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Physical and psychological limits of a digital war

The battlefield is real and there are actual humans upon it with bodies that wear out

I sometimes joke about “laptop poisoning” and how years and years of nonstop analysis of data, processing of messages, and construction of synthesis takes a toll. Information warfare uses computers as tools, but at the end of the day it is all about people — who have bodies and minds with genuine constraints. One of my standard quips is how my parents gave me a BBC Microcomputer before my teens and never saw me again, so the digital realm is natural and easy for me. That said, I am noticing a growing weariness with it from over-exposure.

Essays are great for “evergreen” content with big ideas, but these short video pieces allow me to say more personal things and get over my feelings in ways that are lost in prose. This information war is a very real and physical war for me, and I have been one of the most exposed individuals right on the front line via my Q and Great Awakening work. I am fortunate that I have (just!) enough financial support that I don’t need to think about doing consulting work or sell products, but I do face my own internal drive to produce output continually until we cross the line of final victory.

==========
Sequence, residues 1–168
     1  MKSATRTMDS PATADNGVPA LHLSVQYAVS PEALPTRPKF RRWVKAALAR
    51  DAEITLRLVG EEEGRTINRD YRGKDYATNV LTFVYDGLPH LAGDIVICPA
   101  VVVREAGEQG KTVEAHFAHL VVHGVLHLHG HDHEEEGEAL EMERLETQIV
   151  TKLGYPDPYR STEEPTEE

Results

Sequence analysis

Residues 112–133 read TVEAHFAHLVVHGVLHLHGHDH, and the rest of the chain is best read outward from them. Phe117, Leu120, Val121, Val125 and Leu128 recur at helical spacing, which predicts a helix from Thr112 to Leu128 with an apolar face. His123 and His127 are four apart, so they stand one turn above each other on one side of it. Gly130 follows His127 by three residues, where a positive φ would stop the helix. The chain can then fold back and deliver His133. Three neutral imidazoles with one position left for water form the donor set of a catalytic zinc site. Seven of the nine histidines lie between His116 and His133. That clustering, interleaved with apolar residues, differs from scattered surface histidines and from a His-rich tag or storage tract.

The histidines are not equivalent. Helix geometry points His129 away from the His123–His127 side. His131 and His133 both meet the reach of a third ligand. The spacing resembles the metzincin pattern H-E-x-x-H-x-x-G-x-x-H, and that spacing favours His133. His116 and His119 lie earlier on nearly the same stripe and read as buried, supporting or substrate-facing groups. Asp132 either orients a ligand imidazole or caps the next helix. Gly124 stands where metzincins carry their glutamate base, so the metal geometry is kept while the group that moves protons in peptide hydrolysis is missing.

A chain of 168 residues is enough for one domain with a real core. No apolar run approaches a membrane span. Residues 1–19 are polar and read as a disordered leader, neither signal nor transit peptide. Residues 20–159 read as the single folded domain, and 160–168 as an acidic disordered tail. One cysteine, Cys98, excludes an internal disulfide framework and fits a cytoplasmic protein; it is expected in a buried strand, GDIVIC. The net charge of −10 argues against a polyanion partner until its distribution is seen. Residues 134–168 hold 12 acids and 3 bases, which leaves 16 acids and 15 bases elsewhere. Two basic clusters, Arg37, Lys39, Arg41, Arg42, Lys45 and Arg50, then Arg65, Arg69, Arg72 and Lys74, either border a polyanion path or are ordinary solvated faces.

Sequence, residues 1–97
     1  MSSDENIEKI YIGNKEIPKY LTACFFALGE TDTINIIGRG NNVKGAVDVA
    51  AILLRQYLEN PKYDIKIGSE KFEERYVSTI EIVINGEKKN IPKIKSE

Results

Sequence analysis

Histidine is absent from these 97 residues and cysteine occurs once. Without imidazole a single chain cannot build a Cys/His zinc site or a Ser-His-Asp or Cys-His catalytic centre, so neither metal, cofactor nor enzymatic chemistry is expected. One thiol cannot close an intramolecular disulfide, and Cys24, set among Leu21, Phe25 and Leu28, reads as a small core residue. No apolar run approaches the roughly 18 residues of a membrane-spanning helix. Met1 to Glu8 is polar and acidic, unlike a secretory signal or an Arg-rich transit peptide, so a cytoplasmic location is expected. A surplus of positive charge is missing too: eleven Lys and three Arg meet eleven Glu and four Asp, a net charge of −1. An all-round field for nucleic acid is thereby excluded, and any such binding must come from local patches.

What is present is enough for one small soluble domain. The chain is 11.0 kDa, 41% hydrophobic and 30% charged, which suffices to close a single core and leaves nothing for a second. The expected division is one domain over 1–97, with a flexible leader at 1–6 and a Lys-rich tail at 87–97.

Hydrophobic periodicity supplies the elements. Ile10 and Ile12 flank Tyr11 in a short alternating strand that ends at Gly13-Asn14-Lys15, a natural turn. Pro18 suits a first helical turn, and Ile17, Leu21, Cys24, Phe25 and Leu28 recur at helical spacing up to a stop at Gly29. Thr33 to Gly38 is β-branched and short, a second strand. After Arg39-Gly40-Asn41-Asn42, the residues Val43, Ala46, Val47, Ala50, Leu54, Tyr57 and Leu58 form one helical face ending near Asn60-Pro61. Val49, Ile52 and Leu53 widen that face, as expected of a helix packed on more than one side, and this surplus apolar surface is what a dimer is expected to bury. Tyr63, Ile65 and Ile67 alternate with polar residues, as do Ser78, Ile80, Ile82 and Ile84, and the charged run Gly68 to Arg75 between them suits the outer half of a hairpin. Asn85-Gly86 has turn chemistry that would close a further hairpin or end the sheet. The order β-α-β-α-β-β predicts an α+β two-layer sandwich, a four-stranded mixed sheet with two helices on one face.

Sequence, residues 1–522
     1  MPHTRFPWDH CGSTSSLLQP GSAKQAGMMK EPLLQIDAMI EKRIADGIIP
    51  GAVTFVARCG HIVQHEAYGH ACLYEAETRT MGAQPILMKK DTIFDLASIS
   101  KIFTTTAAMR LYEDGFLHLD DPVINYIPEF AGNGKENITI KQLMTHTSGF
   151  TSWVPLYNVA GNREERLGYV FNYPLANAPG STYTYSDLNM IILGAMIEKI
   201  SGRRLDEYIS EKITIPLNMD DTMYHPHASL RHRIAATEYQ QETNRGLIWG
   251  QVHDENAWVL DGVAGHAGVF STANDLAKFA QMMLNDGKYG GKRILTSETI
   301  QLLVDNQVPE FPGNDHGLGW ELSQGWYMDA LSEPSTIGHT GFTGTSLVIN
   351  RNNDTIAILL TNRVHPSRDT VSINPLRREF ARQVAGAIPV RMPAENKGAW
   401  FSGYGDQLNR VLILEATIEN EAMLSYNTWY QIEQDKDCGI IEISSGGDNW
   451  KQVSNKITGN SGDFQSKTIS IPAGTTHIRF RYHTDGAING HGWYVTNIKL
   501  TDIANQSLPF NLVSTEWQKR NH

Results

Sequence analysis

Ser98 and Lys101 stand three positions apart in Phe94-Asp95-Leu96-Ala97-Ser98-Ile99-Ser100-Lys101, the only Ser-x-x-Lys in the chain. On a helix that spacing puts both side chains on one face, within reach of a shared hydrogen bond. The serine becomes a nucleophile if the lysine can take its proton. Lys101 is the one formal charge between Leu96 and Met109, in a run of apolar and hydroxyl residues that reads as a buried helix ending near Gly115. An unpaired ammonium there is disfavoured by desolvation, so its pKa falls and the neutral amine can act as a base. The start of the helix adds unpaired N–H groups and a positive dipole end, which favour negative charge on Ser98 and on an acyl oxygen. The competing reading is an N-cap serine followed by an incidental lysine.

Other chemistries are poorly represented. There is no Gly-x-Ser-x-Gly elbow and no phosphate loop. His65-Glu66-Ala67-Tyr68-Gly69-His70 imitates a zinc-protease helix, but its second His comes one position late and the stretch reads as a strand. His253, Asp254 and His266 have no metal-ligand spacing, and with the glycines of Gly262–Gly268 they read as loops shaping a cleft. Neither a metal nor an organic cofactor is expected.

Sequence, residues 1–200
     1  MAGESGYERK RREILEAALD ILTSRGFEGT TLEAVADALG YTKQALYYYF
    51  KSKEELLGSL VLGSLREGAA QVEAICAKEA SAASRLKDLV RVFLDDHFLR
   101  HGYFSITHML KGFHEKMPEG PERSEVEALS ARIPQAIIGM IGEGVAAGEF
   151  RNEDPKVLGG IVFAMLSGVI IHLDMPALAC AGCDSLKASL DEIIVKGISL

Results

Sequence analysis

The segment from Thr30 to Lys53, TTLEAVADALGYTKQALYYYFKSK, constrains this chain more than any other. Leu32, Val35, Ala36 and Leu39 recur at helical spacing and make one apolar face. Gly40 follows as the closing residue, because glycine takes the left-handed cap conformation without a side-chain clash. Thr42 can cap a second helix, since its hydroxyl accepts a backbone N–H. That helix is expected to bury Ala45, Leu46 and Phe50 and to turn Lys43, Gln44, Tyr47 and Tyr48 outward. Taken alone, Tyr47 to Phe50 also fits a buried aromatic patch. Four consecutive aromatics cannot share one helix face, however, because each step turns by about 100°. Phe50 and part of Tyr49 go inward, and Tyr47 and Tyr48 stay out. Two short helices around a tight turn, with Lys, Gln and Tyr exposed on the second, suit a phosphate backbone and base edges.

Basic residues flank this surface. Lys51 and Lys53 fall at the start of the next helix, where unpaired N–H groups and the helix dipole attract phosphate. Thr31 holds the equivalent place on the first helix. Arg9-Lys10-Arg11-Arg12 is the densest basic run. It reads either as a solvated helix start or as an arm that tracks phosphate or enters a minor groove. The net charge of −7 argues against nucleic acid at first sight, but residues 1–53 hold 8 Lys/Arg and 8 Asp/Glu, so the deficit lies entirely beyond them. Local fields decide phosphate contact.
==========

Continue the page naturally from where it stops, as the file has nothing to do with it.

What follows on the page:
The body works differently to the mind. I have done rowing to a fairly high level at school, and a lot of (winter) mountain climbing in my 20s. I know what it means to press on when you feel you are already over your physical limits. There is a psychological determination to push your body harder, but it cannot be used to force yourself to think. This is especially true of relatively repetitive (but high engagement) tasks like dealing with correspondence. I am finding myself able to process a few messages, but then I blank out; my mind doesn’t want to take more in, so it halts. You can only overdrive yourself for so long before deep rest and recovery time is needed.

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It is drizzling outside right now but I will go out to take some photos anyway.
Future of Communications
Future of Communications
Martin Geddes